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Publication numberUS7408447 B2
Publication typeGrant
Application numberUS 11/208,379
Publication dateAug 5, 2008
Filing dateAug 19, 2005
Priority dateAug 19, 2004
Fee statusLapsed
Also published asUS20060049822, WO2006023816A1
Publication number11208379, 208379, US 7408447 B2, US 7408447B2, US-B2-7408447, US7408447 B2, US7408447B2
InventorsEdward M. Watson
Original AssigneeSaris Cycling Group, Inc.
Export CitationBiBTeX, EndNote, RefMan
External Links: USPTO, USPTO Assignment, Espacenet
Wireless, passive wheel-speed and cadence detection system
US 7408447 B2
Abstract
A wireless, passive wheel-speed and detection system is provided for measuring the rate of rotation of a rotating component of a bicycle. The detection system includes a sensor arrangement having a first portion mounted on the bicycle and a second portion mounted on the rotating component. The sensor arrangement generates an input signal representative of a revolution of the rotating component. A transmitter circuit is operatively connected to the sensor arrangement for converting the input signal to a radio frequency signal and for transmitting the radio frequency signal. A controller receives the radio frequency signal and translates the radio frequency signal to a value indicative of a rate of rotation of the rotating component.
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Claims(16)
1. A detection system operable for measuring a cadence of an operator pedaling a bicycle, the bicycle having a frame supporting a pedal assembly, comprising:
a cadence circuit operatively connected to the bicycle for measuring the cadence of the operator pedaling the bicycle and generating a cadence signal corresponding to the measured cadence; and
a transmission circuit for generating a radio frequency signal corresponding to the cadence signal and transmitting the radio frequency signal to a target,
wherein the cadence circuit includes:
a sensing circuit mounted to one of the frame and the pedal assembly;
an inducement element mounted to the other of the frame and pedal assembly, the inducement element causing the sensing circuit to generate an electrical signal in response to a revolution of the pedal assembly; and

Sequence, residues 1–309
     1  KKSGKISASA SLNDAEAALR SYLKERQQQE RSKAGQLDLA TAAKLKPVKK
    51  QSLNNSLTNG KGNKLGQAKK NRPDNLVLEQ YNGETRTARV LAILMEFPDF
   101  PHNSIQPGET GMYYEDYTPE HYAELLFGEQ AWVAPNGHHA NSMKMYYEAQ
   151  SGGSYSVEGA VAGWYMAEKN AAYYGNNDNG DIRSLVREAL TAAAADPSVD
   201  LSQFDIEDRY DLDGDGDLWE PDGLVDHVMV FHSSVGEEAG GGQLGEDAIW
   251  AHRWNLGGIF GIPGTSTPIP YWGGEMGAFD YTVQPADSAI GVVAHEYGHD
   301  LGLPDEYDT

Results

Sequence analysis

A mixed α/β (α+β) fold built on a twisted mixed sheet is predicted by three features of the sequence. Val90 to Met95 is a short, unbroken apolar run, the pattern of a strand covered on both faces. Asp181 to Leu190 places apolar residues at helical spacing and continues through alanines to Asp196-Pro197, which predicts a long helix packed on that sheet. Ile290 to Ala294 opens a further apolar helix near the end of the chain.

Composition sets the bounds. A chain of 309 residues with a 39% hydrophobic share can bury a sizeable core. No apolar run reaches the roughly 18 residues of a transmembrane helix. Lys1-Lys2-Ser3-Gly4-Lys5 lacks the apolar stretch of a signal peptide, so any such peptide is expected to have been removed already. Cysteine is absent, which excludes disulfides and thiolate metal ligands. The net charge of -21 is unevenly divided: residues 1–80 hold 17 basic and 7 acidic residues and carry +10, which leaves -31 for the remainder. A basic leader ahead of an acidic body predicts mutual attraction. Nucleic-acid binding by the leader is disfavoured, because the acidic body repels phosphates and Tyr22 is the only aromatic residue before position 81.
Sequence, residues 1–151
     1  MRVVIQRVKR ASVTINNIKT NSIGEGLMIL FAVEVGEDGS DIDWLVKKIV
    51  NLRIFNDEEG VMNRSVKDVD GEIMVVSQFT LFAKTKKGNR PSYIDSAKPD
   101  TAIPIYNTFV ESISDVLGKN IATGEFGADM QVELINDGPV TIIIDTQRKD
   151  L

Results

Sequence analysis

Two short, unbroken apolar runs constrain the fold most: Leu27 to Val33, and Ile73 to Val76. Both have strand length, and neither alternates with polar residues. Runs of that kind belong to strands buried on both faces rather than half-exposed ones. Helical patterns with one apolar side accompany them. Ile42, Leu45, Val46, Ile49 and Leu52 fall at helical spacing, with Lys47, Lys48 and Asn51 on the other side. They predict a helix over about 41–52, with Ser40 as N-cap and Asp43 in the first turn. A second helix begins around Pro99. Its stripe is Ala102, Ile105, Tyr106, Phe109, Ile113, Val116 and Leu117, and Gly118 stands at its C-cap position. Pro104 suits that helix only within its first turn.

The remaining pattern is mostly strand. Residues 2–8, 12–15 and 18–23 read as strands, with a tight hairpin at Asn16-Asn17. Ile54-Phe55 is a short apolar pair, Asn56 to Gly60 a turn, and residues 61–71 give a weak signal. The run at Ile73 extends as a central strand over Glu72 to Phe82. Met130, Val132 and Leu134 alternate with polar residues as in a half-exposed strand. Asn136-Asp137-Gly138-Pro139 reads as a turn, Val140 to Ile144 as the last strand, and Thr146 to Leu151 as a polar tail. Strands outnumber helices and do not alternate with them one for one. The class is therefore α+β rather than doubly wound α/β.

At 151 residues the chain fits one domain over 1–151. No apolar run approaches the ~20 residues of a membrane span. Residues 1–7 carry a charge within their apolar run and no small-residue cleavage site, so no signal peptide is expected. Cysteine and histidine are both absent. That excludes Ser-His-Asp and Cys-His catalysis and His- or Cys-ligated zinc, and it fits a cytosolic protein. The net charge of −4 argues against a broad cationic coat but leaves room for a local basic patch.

wherein the sensing circuit includes:
a pickup coil generating an induced signal in response to the inducement element passing in proximity thereto; and
a transformer operatively connected to the pickup coil for transforming the induced signal and providing the induced signal to the transmission circuit as the cadence signal.
2. The detection system of claim 1 wherein the transformer has a primary coil electrically connected to the pickup coil and a secondary coil operatively connected to the transmission circuit.
3. The detection system of claim 2 wherein the transmission circuit includes: an inductor; and a capacitor circuit connected in parallel with the inductor.
4. The detection system of claim 1 wherein the target includes a controller connectable to the bicycle, the controller receiving the radio frequency signal transmitted by the transmission circuit and converting the radio frequency signal to a cadence value for visual display.
5. The detection system of claim 1 wherein the sensing circuit includes:
a power source for generating electrical power; and
a reed switch operatively connecting the power source to the transmission circuit, the reed switch movable in response to the inducement element passing in proximity thereto between an open configuration and a closed configuration wherein the electrical power generated by the power source is provided to the transmission circuit as the cadence signal.
6. The detection system of claim 1 wherein the bicycle includes a fork assembly mounted to the frame and a wheel rotatably supported on the fork assembly, the detection circuit further comprising: a second circuit operatively connect to the fork assembly for generating a second signal representative of a wheel speed of a wheel; and a second transmission circuit for generating a second radio frequency signal corresponding to the second signal and transmitting the second radio frequency signal to the target.